Drafting Starting Pitching: Opportunity Cost

Drafting SP such that you aren't missing out on more valuable hitters.

Drafting is fun. Drafting is hard. Drafting can cause anxiety. Drafting can be exciting.

All of these things can be simultaneously true, and, in reality, are all probably somewhat responsible for our collective obsession with fantasy baseball. We all like to fancy ourselves better drafters than our league-mates, and there are certainly elements of skill to roster construction especially as it relates to your league’s format.

And there are, by a current estimate, 3.3 bazillion resources that you can use to try and research draft strategy—from ranking systems to dollar value calculators to mock drafts. There is nothing wrong with any of these tools.

And, in many cases, there is something wrong with every single one of them.

For example, ranks that are built for 10-team roto leagues are, by definition, not built for 15-team head-to-head categories leagues. Dollar values for leagues with batting average are not made to help you analyze your on-base percentage league. And so on and so forth.

This is likely not new information, but it does underscore the fact that most of the content out there – and there is a lot of really, really, great content out there – is actually NOT helpful for your particular league or settings. It is absolutely vital to understand your format so that you can take what is useful and not be tripped up by what is not.

Saying all of this before continuing with a piece on draft strategy may feel disingenuous, but there are three things that you can take away from this article that should be universal:

  1. The process can be adapted
  2. The concept holds true
  3. There is not actually a third thing

 

The Premise

 

There is something that is often talked about indirectly as analysts analyze but that is not always addressed directly. The point here is to name it and put it front and center so that you can consider it in your planning. That idea is opportunity cost.

Specifically, we will build this around starting pitching, but you could do this for any position throughout the draft.

Opportunity cost comes into play in two ways:

  1. When I draft player A, I have decided NOT to draft players X, Y, and Z who will definitely not be there when my turn comes back around and that has a direct impact on roster construction.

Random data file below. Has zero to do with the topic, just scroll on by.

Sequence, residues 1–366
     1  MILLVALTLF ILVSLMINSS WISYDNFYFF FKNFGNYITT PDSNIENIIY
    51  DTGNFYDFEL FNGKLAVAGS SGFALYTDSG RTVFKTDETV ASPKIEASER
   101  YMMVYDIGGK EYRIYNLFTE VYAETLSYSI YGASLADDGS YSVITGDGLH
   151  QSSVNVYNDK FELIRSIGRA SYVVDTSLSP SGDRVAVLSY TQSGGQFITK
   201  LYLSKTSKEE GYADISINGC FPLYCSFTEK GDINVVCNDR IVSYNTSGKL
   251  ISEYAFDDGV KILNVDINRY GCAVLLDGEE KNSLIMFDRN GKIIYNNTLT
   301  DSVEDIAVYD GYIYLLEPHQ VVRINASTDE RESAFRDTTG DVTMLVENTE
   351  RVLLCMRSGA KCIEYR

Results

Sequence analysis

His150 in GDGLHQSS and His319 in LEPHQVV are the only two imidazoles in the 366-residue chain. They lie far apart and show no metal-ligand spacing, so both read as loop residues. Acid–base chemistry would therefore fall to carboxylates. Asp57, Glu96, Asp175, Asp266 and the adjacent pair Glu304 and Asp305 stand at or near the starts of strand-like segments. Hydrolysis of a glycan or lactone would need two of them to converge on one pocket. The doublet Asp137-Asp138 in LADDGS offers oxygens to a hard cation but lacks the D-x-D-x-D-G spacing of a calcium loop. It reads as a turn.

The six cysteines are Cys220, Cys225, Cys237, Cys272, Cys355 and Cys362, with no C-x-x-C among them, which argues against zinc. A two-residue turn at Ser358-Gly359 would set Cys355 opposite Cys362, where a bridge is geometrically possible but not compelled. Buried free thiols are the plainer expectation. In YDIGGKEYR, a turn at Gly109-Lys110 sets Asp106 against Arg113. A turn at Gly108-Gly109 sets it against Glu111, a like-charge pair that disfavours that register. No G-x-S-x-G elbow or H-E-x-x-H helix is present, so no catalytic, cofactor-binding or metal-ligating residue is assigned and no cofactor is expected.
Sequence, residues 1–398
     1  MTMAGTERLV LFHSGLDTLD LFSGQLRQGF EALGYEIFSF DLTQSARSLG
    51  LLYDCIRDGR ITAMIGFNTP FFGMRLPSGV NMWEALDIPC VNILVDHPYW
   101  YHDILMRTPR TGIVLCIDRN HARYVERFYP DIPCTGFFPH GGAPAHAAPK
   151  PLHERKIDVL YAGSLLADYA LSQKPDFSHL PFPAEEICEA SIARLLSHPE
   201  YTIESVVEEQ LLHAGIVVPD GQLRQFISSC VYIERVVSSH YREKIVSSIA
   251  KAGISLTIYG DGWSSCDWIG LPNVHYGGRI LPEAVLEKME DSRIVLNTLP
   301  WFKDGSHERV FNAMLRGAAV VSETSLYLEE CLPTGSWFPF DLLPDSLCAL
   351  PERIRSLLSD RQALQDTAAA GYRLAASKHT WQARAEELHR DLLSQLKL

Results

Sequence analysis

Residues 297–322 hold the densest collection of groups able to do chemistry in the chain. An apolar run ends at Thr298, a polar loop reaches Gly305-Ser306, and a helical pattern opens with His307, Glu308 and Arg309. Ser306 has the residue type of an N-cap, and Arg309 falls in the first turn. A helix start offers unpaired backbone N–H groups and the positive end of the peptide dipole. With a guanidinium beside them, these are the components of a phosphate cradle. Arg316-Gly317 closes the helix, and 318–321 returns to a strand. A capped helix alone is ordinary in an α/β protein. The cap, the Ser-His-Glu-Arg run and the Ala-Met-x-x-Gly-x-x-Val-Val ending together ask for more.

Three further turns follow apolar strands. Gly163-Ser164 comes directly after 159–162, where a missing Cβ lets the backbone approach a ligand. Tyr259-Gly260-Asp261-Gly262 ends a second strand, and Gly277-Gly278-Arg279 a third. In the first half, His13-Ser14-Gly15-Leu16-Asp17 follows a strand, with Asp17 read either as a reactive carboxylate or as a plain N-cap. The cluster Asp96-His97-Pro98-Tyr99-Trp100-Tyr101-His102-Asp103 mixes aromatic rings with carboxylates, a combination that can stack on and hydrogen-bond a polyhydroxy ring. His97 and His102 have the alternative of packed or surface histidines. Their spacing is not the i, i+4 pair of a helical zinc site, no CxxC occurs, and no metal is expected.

2. With the next pick I take player B, and not D, E, or F; do I like the combination of A+B better than X+D, or Y+E… or any other combination thereof?

Scenario 2 is worth a deep look, but today the focus will be more on scenario 1, and more specifically at the offensive opportunity cost for taking a pitcher at different stages of the draft where pitchers are clumped together (at different tiers). We will definitely look at two-pick combinations, but the decision tree that happens across a draft is definitely something worth diving into. A final note: “my guys” and “your guys” might not be the “same guys” and that’s okay. I have listed all available starting pitchers and hitters within the ranges so you can take my advice or completely disregard it and still have a good process.

For transparency, the data being used here is NFBC, 12-team non-auction drafts from January 1, 2022 – February 7, 2022 (79 drafts). The specific spots may not apply to your league size, but the process most definitely is.

 

Top 12 Picks

 

There are three pitchers going in the top 12: Shohei Ohtani (7), Gerrit Cole (8), Corbin Burnes (11).

Getting a stud pitcher may not feel as important as last year, but it certainly helps to get yourself a workhorse. Ohtani was amazing last year but has been prone to injury in the past. Gerrit Cole is projected to throw around 195 innings. ATC has only five pitchers projected for 190+ innings in 2023. Corbin Burnes only threw 167 last year, but he won a Cy Young. None of these picks are dumb, despite what your friends or Twitter followers might say.

But all of that is in a vacuum and drafting does not take place in a vacuum.

If you take Ohtani at 7, you have chosen not to take: Vladimir Guerrero Jr. (6) if he falls a single spot, Bryce Harper (9), Ronald Acuña Jr. (10), Kyle Tucker (12), Mike Trout (13), Mookie Betts (14), and Rafael Devers (15).